To...Do this

Set up a render node to output IFD instead of an image

  1. Turn on the Disk File checkbox on the Driver tab of the render node and click the file chooser icon to set a file path.

  2. Click the Render button to generate the IFD file.

Render an IFD file from the command line

mantra -f <<filename>>.ifd <<output_filename>>.pic

(If you don’t specify the -f option, mantra will read the IFD from stdin.)

Save an IFD file from a .hip file on the command line

Use the hbatch command line program to load the .hip file and trigger the render node.

  1. Set up a render node to output IFD, as above.

  2. Load the .hip file into hbatch.

    hbatch myjob.hip
  3. On the hbatch command line, use the render command to trigger the render node.

    / -> render my_render_node
    / -> quit

Render a .hip file directly from the command line

Use the provided hrender script in $HFS/bin. This script is written in csh. To use this script on Windows, you will need to use a UNIX-like environment such as Cygwin.

This script uses hbatch and so uses a Houdini license, unlike rendering an IFD with mantra which only uses a rendering license.

Using mantra on the command line

Once you have an IFD file you can use mantra to render it on the command line, for example:

mantra -f frame0001.ifd rendered_frame0001.pic

(If you don’t specify the -f option, mantra will read the IFD from stdin.)

mantra -h will print a summary of the available options.

Most command-line options are overrides for properties. This means you can set these properties on the scene camera, and then override them on the command line if necessary.

Control options

-H hostlist

Specify a comma separated list of hosts to perform rendering. For example -H chili,cayenne.

-n val

Number of processes to render using network rendering (deprecated in favor of -j).

-N maj.min(.ren)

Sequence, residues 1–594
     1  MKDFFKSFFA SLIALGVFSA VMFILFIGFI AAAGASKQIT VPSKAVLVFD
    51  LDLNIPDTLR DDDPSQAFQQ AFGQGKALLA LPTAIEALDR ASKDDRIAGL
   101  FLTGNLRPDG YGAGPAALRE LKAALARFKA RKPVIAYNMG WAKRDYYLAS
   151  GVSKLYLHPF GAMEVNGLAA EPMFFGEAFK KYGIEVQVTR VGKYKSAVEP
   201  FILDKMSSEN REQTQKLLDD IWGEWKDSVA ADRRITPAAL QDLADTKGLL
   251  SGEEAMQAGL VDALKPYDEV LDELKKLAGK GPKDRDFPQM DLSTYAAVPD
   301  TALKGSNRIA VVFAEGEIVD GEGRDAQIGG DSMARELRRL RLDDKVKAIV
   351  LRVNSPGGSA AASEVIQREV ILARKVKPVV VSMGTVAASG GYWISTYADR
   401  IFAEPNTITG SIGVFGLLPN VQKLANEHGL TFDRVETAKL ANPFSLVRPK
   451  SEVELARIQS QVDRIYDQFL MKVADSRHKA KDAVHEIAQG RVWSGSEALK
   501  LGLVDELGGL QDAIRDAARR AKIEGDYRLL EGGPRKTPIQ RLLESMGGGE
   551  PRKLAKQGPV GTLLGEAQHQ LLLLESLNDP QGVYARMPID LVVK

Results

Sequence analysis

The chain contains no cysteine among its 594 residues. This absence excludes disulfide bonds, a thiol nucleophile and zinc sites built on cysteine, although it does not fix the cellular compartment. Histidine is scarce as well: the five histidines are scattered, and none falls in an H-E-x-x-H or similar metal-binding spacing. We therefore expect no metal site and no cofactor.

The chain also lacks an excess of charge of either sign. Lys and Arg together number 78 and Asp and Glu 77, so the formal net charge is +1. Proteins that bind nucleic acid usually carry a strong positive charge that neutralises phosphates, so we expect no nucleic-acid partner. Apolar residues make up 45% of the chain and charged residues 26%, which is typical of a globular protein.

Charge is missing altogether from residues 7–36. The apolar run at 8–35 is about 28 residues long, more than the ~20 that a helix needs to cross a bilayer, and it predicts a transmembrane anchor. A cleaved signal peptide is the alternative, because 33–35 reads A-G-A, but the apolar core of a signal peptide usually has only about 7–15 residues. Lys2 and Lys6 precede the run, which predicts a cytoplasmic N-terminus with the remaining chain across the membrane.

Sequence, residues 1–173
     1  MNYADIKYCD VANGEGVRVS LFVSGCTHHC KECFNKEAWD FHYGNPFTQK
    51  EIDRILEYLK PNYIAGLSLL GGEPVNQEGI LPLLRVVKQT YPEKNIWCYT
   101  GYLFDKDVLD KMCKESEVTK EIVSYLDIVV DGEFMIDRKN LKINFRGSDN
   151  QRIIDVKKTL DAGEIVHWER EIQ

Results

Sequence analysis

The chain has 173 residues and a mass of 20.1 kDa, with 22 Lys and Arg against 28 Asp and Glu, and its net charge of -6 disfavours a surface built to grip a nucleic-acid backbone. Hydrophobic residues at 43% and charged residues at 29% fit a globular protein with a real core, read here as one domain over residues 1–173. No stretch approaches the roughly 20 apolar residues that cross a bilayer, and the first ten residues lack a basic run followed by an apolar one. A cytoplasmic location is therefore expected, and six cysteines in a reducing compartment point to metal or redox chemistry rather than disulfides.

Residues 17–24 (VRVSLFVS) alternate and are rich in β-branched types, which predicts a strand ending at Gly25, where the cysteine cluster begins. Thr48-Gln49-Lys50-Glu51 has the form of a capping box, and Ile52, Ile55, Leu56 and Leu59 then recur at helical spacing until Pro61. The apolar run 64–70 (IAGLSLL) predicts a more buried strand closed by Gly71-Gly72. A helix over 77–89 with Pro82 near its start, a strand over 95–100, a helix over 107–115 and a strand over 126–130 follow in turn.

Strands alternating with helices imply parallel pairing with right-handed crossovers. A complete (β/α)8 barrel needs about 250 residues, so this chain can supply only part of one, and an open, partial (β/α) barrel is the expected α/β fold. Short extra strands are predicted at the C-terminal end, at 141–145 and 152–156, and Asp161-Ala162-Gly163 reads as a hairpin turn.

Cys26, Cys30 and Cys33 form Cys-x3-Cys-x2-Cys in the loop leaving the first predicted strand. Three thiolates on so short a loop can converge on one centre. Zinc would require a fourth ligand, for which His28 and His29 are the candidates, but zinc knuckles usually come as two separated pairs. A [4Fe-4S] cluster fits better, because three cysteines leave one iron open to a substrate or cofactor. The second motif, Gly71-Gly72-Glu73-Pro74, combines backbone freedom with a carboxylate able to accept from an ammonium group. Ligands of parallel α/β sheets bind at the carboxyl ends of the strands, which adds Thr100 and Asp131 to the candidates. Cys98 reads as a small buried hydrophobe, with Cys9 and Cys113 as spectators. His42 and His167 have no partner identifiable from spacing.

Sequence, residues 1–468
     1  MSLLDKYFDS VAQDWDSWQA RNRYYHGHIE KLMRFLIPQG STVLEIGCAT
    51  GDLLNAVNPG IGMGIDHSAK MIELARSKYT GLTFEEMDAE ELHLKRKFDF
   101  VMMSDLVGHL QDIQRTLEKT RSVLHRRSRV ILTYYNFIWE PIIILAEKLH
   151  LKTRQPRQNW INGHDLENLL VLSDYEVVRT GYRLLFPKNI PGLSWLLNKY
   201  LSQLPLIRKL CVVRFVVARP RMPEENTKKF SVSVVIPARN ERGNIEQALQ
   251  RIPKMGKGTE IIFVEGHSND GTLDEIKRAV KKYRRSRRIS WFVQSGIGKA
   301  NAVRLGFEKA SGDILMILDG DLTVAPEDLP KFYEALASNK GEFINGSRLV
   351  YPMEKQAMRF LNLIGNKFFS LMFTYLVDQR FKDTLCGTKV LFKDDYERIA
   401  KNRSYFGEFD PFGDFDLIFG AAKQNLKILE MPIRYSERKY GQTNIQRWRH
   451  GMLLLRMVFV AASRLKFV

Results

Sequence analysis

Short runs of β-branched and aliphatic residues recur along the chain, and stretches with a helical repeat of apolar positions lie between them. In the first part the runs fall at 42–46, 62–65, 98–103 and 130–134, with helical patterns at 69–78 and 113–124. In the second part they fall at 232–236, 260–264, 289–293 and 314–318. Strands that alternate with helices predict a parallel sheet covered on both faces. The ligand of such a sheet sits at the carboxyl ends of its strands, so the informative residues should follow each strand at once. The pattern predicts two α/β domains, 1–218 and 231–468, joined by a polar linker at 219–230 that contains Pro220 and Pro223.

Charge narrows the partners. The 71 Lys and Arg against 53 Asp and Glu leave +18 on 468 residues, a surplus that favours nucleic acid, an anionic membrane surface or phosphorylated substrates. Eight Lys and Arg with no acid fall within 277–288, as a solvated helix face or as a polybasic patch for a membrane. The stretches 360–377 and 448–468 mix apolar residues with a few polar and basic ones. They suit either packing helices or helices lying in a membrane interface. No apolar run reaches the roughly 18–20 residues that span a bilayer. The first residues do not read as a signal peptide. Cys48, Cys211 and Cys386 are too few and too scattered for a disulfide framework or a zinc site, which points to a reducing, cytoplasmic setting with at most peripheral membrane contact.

When network rendering, ensure that remote hosts will run at least this version of mantra.

-j numthreads

Specify the number of threads (-j 0 uses maximum threads).

-f file

Read the IFD from the file given instead of from stdin.

If the specified file has a .gz or .sc file extension, mantra will assume the file is compressed.

In addition, file system plug-ins (FS) are used, so you can specify IFD files using opdef:, op:, or even http: protocols.

-e none|basic|full

Enable or disable use of engine procedural shaders that generate geometry from a SOP network at render time.

none is the default instead of basic because to enable geometry-generation procedurals mantra sets up an environment to evaluate SOP networks, impacting start-up performance (both memory and time). The impact will differ based on your environment. One studio might find engine mode added 12 seconds to the process startup time, while for another it could be less than 0.5 seconds.

The argument to -e should be one of the following:


Do not enable use of engine procedurals (the default).


Enable procedural shaders that only generate curves or points (enginecurvegen and enginepointgen). Unlike full, this does not consume a Houdini Engine license.